ParasailingWe offer reviews of the Best Hawaii Tours & Activities, browse around and take a look!
The first thing you need to know before you go Hawaii parasailing is the difference between parasailing and paragliding. Paragliding involves being strapped into a foot-launched plane and letting the wind lift the wings and float you through the air. Parasailing is something entirely different. In parasailing you are strapped into in a parachute and attached to a boat. The boat then takes off pulling you in your air-lifted parachute into the sheer joy of flying. The parasailor has no control over the flight. All you can do is let the experience flow over you. You will be flying over the water with the greatest of ease.
Parasailing is a team effort. If you go Hawaii parasailing, the other part of the team is likely going to be an experienced parasailing professional who will help you get into the parachute and who will travel at a speed that is safe and comfortable to you. The parasailing business will give you instructions before you begin on water safety and how to land. Even if the exhilaration of parasailing wipes your mind completely clear of the landing instructions the professional who is driving the boat for you is able to guide you to a safe arrival on board with a power winch. For the real thrill seeker, there are tours where you can parasail up to 800 feet in the air. A speed boat will pull you through the Pacific Ocean.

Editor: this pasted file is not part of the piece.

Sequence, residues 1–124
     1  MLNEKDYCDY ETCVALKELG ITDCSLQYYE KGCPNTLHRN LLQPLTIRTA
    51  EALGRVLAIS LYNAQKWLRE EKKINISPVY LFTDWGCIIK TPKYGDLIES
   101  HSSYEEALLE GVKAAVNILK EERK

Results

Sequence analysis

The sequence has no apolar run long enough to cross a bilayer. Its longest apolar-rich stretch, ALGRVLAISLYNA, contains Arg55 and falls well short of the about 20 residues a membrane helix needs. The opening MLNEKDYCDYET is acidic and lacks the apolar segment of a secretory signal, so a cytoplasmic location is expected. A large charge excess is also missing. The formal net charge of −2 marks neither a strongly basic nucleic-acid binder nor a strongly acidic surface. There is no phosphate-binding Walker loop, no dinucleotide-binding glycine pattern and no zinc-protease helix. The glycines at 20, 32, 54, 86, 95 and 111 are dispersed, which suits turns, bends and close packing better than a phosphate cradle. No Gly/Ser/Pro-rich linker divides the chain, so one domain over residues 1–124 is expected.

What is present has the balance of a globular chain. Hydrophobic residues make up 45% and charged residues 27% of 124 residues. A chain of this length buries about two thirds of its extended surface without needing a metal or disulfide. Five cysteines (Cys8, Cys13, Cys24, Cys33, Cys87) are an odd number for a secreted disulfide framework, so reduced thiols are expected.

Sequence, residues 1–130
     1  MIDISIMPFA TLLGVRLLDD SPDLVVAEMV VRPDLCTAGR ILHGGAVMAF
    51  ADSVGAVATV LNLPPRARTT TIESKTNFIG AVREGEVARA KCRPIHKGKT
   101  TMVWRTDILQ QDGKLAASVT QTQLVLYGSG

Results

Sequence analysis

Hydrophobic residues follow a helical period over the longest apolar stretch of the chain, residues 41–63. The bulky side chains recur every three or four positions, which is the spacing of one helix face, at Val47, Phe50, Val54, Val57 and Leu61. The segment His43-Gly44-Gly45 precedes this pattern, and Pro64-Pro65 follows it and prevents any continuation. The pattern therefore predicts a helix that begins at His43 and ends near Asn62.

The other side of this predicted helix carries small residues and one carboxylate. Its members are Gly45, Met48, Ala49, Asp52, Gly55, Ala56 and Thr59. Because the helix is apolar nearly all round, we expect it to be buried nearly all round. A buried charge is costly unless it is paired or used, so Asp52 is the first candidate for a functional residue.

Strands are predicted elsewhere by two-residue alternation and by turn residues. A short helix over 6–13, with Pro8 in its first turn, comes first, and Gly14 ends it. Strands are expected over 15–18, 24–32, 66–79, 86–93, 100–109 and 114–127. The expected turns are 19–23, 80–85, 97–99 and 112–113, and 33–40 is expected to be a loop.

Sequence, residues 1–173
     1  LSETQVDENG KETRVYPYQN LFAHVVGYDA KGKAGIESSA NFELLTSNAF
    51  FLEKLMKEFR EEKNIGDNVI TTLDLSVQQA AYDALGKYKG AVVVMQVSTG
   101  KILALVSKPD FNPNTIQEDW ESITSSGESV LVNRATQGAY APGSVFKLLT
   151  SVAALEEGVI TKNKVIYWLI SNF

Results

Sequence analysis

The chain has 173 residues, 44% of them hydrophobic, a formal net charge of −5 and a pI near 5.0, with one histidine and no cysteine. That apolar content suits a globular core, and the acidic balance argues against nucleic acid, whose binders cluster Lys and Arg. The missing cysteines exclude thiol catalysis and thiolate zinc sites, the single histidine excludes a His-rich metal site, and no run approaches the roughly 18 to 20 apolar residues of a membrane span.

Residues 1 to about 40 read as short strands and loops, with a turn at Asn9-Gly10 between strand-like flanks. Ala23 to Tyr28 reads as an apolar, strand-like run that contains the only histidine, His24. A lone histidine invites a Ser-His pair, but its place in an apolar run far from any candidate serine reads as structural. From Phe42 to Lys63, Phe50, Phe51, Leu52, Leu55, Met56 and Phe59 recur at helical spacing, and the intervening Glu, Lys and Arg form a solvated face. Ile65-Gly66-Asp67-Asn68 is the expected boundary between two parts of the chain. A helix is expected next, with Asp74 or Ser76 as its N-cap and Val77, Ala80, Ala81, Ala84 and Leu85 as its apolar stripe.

A group can go out for an hour with each member being pulled through the air for a wild 10 minutes. It is very safe and, after all, the parasailor does nothing other than let the sailing in the air just happen. Even a child can enjoy parasailing. Most parasailing outfits have a requirement that the parasailing person be at least five years old. Younger children can go out on the boat (with adult accompaniment). About the only caveat is that the person not have any fear of heights. If you are nervous, several people can parasail together. The maximum weight limit is 450 pounds.
The thrill of parasailing began by accident when a parachute instructor, Pierre Lamoigne, needed a way to get the parachuting student into the air. In the 1960s, he devised a way to attach the parachute to his car and pull the parachutist along until he or she was airborne. As the person floated up into the air and the car increased speed, the notion of parasailing was invented.